Inequality is passed down from parents to children. In the UK, the impact of family income on a child’s future income has increased over time. Today, 50% of a parent’s pay advantage is passed onto their children in the UK compared to just 15-25% in Nordic countries.

Up to half of the gap between what you and others make in society is accounted for by the family you grew up in[1]:

Parental Income

Evidence suggests that parents with high incomes are more likely to have children with high incomes:

  • In the UK 50% of a parent’s pay advantage is passed on to their children[2]
  • In the USA, 40-50% of a child’s income in later life is determined by the family they were born into, compared to just 15-25% of a child born in Nordic countries like Norway, Finland and Denmark[3].
  • Family income was a better predictor of income for those born in 1970 than those born in 1958 demonstrating a decline in social mobility [4].

Parental Income: The Direct Effect

There is also evidence to suggest that the income level of the family you are born into has an effect in itself on your later life chances, independent of other household and parental characteristics that may also be associated with parental income.

  • A lack of parental income causes children to have lower cognitive development and poorer school achievements.
  • Research has found that giving £7,000 to every child on Free School Meals (FSM) would increase their Key Stage 2 scores by more than 1.5 points and halve the gap between FSM and non-FSM children[5].

Criticism and Issues

Research on the size of the effect of parental incomes on later outcomes is not conclusive.  One study estimates it only accounts for up to half of the similarity that you share with your siblings suggesting that family environment and neighbourhood environment may also be important[6].

Family Wealth

Another powerful predictor of your future income is the level of wealth of the family you are born in to:

  • Familial wealth can have an effect on later income. One major factor in people being able to start up a business is whether or not they have access to family assets[7].
  • The main form that wealth comes in is housing and land.  In the UK, this inequality of wealth is being bolstered by increases in house prices. As house prices increase those who already own housing become wealthier and those who do not become less likely to be able to buy property[8]. This has important implications for the future of UK inequality.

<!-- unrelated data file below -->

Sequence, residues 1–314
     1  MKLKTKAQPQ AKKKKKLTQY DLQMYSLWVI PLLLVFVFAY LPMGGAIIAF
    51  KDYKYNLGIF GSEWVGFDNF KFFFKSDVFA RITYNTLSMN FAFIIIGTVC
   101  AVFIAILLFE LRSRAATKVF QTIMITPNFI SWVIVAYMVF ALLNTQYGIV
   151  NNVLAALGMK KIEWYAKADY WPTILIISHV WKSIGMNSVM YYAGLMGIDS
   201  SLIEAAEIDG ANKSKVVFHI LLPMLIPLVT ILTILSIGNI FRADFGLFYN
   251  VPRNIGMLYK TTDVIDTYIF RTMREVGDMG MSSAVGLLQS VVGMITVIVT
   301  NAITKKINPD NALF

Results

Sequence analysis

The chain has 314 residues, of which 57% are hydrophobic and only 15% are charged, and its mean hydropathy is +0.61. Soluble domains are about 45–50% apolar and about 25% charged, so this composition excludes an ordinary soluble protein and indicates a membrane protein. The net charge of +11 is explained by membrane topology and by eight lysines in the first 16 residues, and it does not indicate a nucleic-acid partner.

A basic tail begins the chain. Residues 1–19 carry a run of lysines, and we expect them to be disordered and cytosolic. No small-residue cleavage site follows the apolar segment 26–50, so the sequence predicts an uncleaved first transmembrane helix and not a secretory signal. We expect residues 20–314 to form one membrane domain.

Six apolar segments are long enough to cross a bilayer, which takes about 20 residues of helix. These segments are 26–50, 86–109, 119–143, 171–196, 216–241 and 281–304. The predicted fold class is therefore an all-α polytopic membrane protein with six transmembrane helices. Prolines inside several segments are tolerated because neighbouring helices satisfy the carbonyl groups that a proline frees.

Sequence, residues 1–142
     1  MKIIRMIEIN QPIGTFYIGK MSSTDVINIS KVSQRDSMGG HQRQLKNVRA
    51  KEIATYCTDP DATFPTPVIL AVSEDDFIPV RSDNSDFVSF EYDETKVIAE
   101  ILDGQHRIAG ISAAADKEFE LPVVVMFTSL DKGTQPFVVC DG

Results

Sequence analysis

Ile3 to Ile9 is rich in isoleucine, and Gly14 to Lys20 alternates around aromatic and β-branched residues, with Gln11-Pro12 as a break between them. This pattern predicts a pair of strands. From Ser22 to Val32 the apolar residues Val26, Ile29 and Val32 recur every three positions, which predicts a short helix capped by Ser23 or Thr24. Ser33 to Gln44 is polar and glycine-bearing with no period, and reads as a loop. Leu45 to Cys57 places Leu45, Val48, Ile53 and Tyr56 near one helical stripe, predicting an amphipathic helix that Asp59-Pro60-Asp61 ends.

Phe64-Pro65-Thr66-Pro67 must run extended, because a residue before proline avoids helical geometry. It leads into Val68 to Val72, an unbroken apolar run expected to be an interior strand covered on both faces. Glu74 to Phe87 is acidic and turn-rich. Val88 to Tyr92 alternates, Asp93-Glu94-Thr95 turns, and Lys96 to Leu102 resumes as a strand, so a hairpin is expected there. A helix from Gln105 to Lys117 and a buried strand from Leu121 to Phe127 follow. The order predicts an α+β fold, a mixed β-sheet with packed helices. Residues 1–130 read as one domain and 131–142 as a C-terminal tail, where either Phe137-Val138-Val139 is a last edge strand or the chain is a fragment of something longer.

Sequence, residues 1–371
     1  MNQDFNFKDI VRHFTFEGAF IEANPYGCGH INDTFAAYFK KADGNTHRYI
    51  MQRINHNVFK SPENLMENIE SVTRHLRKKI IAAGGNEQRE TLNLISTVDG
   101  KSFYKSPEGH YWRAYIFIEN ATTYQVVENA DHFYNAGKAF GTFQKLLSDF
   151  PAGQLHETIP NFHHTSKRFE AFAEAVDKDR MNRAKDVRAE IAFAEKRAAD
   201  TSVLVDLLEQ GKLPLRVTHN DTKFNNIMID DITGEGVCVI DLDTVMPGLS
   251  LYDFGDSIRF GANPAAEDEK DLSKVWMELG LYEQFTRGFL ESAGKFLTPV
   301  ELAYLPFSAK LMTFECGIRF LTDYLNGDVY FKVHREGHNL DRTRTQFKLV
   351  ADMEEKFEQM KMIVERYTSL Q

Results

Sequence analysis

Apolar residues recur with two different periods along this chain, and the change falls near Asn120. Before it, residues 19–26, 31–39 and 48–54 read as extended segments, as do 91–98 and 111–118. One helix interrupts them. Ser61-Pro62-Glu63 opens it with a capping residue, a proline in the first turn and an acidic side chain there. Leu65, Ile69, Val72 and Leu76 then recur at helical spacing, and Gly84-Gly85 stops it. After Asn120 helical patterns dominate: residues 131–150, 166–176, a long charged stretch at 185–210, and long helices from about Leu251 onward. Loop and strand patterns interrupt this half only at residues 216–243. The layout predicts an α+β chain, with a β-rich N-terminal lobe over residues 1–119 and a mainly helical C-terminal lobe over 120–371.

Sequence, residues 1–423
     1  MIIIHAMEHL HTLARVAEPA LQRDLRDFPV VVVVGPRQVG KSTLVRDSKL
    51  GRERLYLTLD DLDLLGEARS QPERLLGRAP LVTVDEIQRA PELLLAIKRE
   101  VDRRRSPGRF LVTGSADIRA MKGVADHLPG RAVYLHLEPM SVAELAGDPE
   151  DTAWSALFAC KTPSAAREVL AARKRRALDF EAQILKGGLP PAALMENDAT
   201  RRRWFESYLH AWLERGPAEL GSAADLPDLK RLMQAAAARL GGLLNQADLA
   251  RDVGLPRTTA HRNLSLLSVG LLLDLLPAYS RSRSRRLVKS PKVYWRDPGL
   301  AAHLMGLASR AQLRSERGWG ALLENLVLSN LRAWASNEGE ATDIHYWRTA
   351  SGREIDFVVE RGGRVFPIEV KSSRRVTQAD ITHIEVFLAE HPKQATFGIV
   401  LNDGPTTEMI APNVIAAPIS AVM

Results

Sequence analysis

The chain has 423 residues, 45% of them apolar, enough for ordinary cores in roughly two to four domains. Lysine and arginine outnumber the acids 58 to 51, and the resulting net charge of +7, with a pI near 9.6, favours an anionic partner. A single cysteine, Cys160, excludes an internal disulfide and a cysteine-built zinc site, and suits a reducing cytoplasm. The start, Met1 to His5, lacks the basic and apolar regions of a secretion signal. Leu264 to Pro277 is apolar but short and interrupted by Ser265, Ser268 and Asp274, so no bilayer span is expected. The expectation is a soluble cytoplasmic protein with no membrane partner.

There are several factors which research suggests could be responsible for the importance of the initial conditions that you are born into:

  • Your family provide you with social connections which can be used in obtaining jobs and educational opportunities.
  • They also provide a family culture which influences your beliefs, motivations and your ability to acquire new knowledge and skills.
  • Your parents pass on the genetic material which may, to some extent, determine your skills and abilities[9].

Criticism and Issues

There is disagreement about the desirability or otherwise of families transferring wealth, assets, attitudes and abilities: not all the processes above are seen as unjustly presenting advantage and there is consequently some acceptance of some intergenerational link between incomes. Nevertheless, the research agrees that intergenerational transfer of incomes has a strong effect on incomes and therefore is important to our understanding of inequality.

As with other drivers of inequality discussed on this site, this driver of inequality can also be seen as an impact of inequality, with further inequality increasing the effect that a child’s starting point in life has on driving inequality in future generations.

[1] (Bjorklund & Jantti, 2011)

[2] (Corak, 2006)

[3] (Bjorklund & Jantti, 2011)

[4] (Blanden, Gregg, & Macmillan, 2012)

[5] (Cooper & Stewart 2013)

[6] (Bjorklund & Jantti, 2011)

[7] (Blanchflower & Oswald, 1998)

[8] (Barker, 2004)

[9] (Roemer, 2004)